Delhi shares burden, offers free treatment

Though it sounds hard to believe, the Delhi State Cancer Institute (DSCI) offers free cutting-edge cancer treatment to all its general category patients.
Hindustan Times | By Jaya Shroff Bhalla, New Delhi
UPDATED ON FEB 03, 2012 11:13 PM IST

Though it sounds hard to believe, the Delhi State Cancer Institute (DSCI) offers free cutting-edge cancer treatment to all its general category patients.

It is the first hospital in the government sector to have the latest cancer-fighting equipment, among with three linear accelerators with intensity-modulated radiation therapy and image guided radiotherapy treatments and a 128-slice CT Scan for imaging. Over the next six months, they will get a Positron Emission Tomography (PET Scan) needed for precise localisation of tumours.

"There is a big contribution of imaging in treating complicated cancers. So while, we have good radiation machines, it was important to procure the high-tech imaging machines to diagnose the disease precisely," said Dr RK Grover, director, DSCI.

"A good imaging system is also useful in evaluating the response to the treatment, during treatment itself. It also helps track relapses," he said.

In Delhi, the All India Institute of Medical Sciences and private hospitals such as Fortis, Gangaram, Shanti Mukund also have PET scan machines, and they charge about Rs 20,000 per scan.

"Although we have placed the order, we are awaiting the AERB clearance in the coming week. This will be the first Delhi government hospital to have a PET CT," said Dr Grover.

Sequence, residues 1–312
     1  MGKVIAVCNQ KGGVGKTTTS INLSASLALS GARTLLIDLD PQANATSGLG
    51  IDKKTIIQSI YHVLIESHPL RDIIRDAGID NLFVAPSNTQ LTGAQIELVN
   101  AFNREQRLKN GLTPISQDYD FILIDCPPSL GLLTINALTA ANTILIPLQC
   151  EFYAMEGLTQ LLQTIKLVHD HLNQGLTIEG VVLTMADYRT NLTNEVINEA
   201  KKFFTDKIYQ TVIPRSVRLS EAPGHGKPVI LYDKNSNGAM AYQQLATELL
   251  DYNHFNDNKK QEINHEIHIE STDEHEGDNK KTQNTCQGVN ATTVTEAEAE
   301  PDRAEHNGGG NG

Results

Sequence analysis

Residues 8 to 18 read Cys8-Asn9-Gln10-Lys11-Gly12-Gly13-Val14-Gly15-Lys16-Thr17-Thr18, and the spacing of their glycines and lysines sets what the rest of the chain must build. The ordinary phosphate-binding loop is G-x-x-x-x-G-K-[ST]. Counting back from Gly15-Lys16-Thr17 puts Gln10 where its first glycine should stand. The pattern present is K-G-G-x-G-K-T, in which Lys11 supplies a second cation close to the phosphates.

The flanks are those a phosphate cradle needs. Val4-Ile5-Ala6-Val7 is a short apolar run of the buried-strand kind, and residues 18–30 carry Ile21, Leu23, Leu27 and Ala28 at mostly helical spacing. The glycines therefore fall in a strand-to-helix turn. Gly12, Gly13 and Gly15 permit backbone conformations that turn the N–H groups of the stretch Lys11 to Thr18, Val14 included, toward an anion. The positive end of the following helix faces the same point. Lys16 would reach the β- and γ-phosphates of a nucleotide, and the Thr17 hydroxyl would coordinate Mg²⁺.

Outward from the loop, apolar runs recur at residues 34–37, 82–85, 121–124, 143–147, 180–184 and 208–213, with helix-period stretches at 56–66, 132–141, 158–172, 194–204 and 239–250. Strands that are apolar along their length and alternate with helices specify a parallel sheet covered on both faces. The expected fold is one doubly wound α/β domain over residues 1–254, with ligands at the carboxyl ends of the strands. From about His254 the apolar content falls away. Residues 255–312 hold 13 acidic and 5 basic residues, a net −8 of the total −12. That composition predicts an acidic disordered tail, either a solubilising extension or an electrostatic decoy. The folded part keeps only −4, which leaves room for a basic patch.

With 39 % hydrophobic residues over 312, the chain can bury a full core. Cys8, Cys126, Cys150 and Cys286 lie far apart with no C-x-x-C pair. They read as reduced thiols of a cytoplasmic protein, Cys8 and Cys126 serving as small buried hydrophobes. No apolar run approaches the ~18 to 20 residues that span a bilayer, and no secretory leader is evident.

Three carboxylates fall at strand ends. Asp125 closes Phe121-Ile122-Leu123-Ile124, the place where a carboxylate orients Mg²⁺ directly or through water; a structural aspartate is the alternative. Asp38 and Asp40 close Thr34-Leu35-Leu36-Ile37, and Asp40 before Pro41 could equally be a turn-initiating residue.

Established as an autonomous institute in April 2006 by Delhi government, the hospital has 66 general and 29 private beds.

On an average, it gets 700 patients a day, of which about 40 are new cases. All treatment is completely free - including tests, medicines, stay and food for patients opting for treatment in the general category.

So far, only medical and radiotherapy treatment is available, and the hospital's four operation-theatres are likely to be functional by the year-end. Dr Grover says that so far, tie-ups with GB Pant, Swami Dayanand and GTB hospitals have been instrumental in bridging the surgery unit lacunae.

When Sameer (who goes by a single name), 7, was diagnosed with cancer of the lymphnodes last year, his father, Rashid, a labourer in Muzaffarnagar, sold his shack and jewellery to pay for his son's treatment.

"I got about Rs 34,000 for everything, which is a fraction of the money required for treatment," said Rashid, whose son is undergoing free treatment at Delhi State Cancer Institute in east Delhi's Dilshad Garden.

Then someone told him about the free government hospital, and he hopped on to the first bus to Delhi with his son. Today, he's happy for it.

Similarly, Anita Rani, 40, from Shamli village in Uttar Pradesh, has no complaints. She was diagnosed with a uterine cancer in October 2009. On a relative's recommendation she shifted base to Delhi last year to get treated.

"We were financially and mentally devastated. I told my husband to leave me to my fate, when he brought me to this hospital," said Rani, who has been undergoing treatment for the last 1.5 months.

"They take care of everything. Now that I am in good hands, I am sure I will live," she said.

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